Can't Buy Happiness?

Money, personality, and well-being

The Barriers to Financial Happiness

Most people know they should manage their money; however, they don't. Why?

Over the last few years I have met and chatted with a number of financial advisers, marketing executives, and social media entrepreneurs. I find that we often discuss one topic: how can people save and spend their money in ways that improve their lives? 

However, in my own research, I find that when I tell people spending money on life experiences will make them happier than buying material items, rarely do people seem surprised. It has caused me to think that maybe there is a better question we could ask: what are the barriers to making sound financial decisions? People know they should save for a rainy day, invest when they are young, resist retail therapy, and yes, buy life experiences instead of material items. Maybe people’s poor financial decisions are not a lack of knowledge; maybe they know how to spend their money to be happy, but something prevents them from doing so.  

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To help me think through the barriers to financial happiness, I asked a few experts on the topic to independently answer five questions. Each day, for the next five days, I will provide their answers so we can begin to understand the barriers to financial happiness.

What are the barriers to financial happiness?
The first question we discuss concerns how people manage their money. Before you hear their answers you may want to find out how well you are managing your money by taking our short financial management quiz. To learn about your spending habits, first Login or Register with BeyondThePurchase.Org and take our money management survey.   

Question #1: Most people know they should manage their money; however, a lot of people avoid doing so. Why do you think this is?

Peter Bielagus: Let’s face it; in the short term managing your money is boring. Buying stocks, gold, silver, bonds, and bank CDs are not very exciting compared to the thrill of new clothes, shoes, and restaurants. However, managing your money creates freedom. What’s more, I believe saving for a purchase is very exciting.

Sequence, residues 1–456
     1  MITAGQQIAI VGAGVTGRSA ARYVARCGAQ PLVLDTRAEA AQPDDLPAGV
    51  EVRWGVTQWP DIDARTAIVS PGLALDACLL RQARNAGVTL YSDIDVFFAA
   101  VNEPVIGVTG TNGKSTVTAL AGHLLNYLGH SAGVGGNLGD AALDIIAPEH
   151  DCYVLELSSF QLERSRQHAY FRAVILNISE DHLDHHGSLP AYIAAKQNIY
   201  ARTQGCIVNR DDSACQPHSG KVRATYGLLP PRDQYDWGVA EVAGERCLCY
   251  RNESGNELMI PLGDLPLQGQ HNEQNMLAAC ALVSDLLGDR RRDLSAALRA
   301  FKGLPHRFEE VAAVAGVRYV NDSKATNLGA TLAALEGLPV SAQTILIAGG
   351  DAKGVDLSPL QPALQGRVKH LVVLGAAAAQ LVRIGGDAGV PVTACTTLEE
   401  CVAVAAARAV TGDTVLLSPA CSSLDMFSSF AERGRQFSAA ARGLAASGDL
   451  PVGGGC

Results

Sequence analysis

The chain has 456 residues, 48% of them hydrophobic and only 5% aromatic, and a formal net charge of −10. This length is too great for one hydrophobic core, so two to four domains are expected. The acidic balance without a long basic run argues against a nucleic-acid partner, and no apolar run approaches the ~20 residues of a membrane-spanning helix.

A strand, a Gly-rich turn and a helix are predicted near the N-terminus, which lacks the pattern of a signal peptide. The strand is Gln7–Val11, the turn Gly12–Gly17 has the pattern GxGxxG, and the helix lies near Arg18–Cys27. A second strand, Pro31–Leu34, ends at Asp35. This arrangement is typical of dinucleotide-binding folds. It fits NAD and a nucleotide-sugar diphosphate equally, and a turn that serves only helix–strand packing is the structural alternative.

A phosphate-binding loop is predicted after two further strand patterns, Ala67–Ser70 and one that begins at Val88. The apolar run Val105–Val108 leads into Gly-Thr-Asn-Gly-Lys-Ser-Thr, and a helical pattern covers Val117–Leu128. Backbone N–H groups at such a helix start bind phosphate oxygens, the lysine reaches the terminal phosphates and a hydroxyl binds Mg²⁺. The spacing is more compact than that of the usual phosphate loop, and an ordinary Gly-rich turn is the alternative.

Gary Foreman: There are two reasons. First, we are often driven by whatever is in front of us. Today's bill or today's desire seems more important than saving for college or retirement. Our financial eyesight is a lot like our physical eyesight. Things that are closer appear bigger. In our 20's retirement seems like a lifetime away. The other reason is that many people have a mental block, or an emotional surrender, when it comes to personal finance. Even highly educated people believe that they can't control their financial lives. So they simply avoid the subject, just doing the minimum.

Sarah Hardwick: With American Express platinum cards and no interest mortgages the norm these days, it's easy to live beyond your means. It's challenging for us to face the reality of saving for the future and actually taking steps to budget and cut back on expenses. It's easier to indulge now and figure out how to afford it later.

So, Peter proposes that managing money seems boring (but could be exciting); Gary and Sarah suggest that our immediate concerns or pleasures encourage us to discount the future. Gary also notes that a lot of people feel they just can’t control their finances.

What do you think? If you don’t manage your money like you should, why not?

Peter Bielagus is a speaker and financial educator. Gary Foreman is the editor of the Dollar Stretcher. Sarah Hardwick is the Founder & CEO Zenzi Communications.

Ryan T. Howell, Ph.D., is an Assistant Professor of Psychology at San Francisco State University.

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